Questions about the novel
Below, you will find some answers from the author about his book, St. Nick’s Journey below!
What’s the Book about in only Seven Words? Challenge Accepted!
- Anxiously seeking heaven without a sound mind.
What stories would you say match the company of your novel in theme and tone?
- Homesick, by Jason Walz
- Shadow in the Dark, by Antony Barone Kolenc
- Will Wilder, the book series, by Raymond Arroyo
- Polar Express, by Chris Van Allsburg
- A Christmas Carol, by Charles Dickens
- The Book of Tobit
- The Children of Green Knowe, by Lucy M. Boston
- Voyage to Venus (aka Perelandra), by C.S. Lewis
What are some words or phrases you would use to describe the themes in your book?
- crippling doubts
- Communion of Saints
- hope of Christmas
- true friendship
- preferential love
What is the intended audience and demographic for your novel?
My intended audience when writing the story was Catholic Christian young adult males between the ages of 14 and 25, especially those who either struggle with depression, anxiety, mental-illness, or know someone who does. It was likewise intended for readers who have a keen interest in the Saints and Angels and how they interact with us in our daily lives.
Nevertheless, I have had people from the ages of 25 to 100, both male and female, tell me how appealing they found this tale – finding it to be quite engaging, alluring, and relatable.
We all remember our childhood and youth, and the difficulties and joys that come with such time periods in our life. That’s why I believe that such a wide range of people have been so captivated by this story.
Will there be a sequel?
I’m so glad you asked. St. Nick’s Journey is the first installment in the Suffering Souls of Awahso book series. Each story will be a stand alone episode, using different characters. But they will be connected by the same city of Awahso. And each book will have some sort of Easter egg that connects it to the other characters in one way or another.
Will only religious people like this story?
The short answer is that I personally don’t think so. Somewhat surprisingly, I have been asked this question a lot. I will let the readers speak for themselves, since everyone has their own taste and opinion. However, I will say that I have gained positive feedback from several readers that did not share my Catholic faith, who said they, genuinely, liked the book very much.
Here’s a bit of a longer approach answer for those who want an in depth answer:
It is of course a staunchly Catholic novel. There’s no point in trying to hide that or pretend that it’s not the case. I don’t think that a devout Catholic could write a story without his beliefs hugely influencing the themes and ideas. Even with less direct stories, like J.R.R. Tolkien’s The Lord of the Rings, the Catholic morality and philosophy is rampant. But it is nonetheless still enjoyed by non-Catholics. Likewise, someone does not have to be a pious Christian to love C.S. Lewis’ Narnia series.
Why is this? It’s because Tolkien and Lewis did not write a sermon but a story. I think sometimes authors try to cut and paste a sermon into the template of a novel, but it doesn’t work. A sermon is a sermon, and a story is a story. They are two different avenues. But both can be religiously themed and inspired (although I’ve heard a few non-religiously inspired sermons).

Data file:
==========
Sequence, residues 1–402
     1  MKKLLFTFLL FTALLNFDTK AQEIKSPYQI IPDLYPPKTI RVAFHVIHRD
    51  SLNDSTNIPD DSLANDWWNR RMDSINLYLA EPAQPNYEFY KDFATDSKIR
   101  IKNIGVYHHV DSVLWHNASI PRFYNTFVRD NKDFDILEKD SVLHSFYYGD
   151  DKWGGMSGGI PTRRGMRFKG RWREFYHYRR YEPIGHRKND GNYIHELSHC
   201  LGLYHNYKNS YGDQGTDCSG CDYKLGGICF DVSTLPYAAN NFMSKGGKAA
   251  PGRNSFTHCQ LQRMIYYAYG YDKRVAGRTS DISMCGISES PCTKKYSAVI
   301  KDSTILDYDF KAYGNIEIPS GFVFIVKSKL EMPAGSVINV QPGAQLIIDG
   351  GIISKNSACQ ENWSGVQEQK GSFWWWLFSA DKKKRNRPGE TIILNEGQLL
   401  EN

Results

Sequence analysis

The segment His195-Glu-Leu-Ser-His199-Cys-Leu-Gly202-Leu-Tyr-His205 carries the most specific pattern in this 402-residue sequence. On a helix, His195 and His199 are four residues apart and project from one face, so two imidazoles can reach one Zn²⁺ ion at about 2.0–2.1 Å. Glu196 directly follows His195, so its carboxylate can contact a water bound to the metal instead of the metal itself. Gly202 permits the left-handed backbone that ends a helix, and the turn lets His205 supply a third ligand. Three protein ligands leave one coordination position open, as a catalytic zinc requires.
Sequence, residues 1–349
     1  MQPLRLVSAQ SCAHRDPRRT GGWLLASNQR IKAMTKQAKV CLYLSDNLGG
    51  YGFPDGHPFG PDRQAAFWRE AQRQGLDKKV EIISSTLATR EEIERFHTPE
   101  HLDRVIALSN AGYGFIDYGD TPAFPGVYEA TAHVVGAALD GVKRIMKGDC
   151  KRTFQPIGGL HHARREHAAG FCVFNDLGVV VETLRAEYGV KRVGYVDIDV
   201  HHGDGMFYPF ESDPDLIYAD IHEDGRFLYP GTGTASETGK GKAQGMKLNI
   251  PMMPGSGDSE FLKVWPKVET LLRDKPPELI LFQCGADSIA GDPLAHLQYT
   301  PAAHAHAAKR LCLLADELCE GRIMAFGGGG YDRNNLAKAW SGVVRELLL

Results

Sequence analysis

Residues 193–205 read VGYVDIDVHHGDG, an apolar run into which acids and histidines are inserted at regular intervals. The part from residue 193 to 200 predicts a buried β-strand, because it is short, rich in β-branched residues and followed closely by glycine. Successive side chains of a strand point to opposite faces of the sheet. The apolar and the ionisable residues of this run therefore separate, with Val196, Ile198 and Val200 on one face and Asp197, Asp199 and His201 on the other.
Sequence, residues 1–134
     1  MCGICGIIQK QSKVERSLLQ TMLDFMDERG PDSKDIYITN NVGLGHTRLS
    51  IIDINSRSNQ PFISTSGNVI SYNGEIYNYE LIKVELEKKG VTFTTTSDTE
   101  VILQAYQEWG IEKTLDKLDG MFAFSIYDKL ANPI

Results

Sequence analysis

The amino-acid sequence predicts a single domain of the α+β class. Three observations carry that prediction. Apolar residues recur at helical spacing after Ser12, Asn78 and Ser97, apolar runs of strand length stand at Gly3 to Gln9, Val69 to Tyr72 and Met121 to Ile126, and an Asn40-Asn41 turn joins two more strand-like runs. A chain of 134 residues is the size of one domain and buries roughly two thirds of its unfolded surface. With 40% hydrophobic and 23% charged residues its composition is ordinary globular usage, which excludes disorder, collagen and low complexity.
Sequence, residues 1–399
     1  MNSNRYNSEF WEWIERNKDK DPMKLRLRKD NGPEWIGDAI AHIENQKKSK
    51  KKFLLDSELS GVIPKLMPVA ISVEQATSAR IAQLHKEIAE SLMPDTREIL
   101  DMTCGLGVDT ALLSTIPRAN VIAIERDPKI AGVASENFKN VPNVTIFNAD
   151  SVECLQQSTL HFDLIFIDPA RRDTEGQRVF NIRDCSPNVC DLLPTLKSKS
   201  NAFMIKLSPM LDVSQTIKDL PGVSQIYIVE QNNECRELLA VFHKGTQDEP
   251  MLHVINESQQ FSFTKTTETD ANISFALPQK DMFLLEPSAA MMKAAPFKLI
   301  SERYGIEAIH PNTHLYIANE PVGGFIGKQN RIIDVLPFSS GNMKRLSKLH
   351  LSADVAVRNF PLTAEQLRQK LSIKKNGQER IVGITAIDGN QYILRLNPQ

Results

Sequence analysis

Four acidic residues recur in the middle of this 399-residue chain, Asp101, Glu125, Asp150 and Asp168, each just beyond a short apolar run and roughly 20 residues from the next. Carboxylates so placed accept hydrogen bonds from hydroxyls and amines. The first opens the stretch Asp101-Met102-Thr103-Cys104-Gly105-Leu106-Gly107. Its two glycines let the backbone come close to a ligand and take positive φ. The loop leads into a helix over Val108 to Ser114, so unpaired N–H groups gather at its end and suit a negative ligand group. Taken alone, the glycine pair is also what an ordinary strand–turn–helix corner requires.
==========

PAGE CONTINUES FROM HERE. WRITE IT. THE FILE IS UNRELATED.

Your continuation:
There are Christian authors who seem too afraid to mention anything about their faith in their stories. I don’t want to judge anyone. But that is not what I wanted to do. My faith is such a big part of my life that it would be impossible to keep it out of my stories. And in fact it is my faith that inspired me to write more.
In conclusion, it is a deeply Catholic story. Yet it is not preachy (not a sermon); and, it likewise does not pander to people. Whether you are religious or not, if you think the story sounds interesting, than I’d love for you to give it a try. And I welcome constructive feedback from all readers.
Why did you write this novel?
Well, not to complain, but I found my adolescence and youth to be very challenging – more than some and less than others. But with the great difficulty that I faced, I learned and grew a lot. I think there is a reason that the way to heaven is known as the narrow path. Struggle gives us the opportunity to grow closer to God and to others; especially considering how many struggles Christ went through for us.
One thing I learned in particular was to try and avoid dwelling too much internally on my own sorrows (I’m sure we can all relate). By instead meditating on Jesus’ sufferings it brings us outside of ourselves. And by charitably consoling Christ He returns the favour. And Jesus likewise promises us that when we do good works for others we are actually showing kindness to Jesus Himself. I still need to work on that part – but perhaps recognizing it is half the battle.
Anyway, I wanted to take some of what I learned from my struggles, and share it with others in the form of a fictional story. I hope that those who share or shared the same kind of issues as me might be able to learn from the mistakes and victories written about, or at least find them entertaining. It is also my desire to teach others about the challenges and joys that can come with Asperger’s, OCD, depression, panic attacks, social phobia, bullying, and other related issues. And telling a captivating story is the best way that I know how to accomplish that goal.
Where can I purchase your book?
I’m so glad you asked. You can get a copy of St. Nick’s Journey from one of these stores:
Where can I find out more about your publisher?
The book, St. Nick’s Journey, is under the Resource Publications imprint at Wipf and Stock Publishers. You can find out more about them on their website, wipfandstock.com. Or take a short cut by clicking the “click me” button below, which will open up a new tab.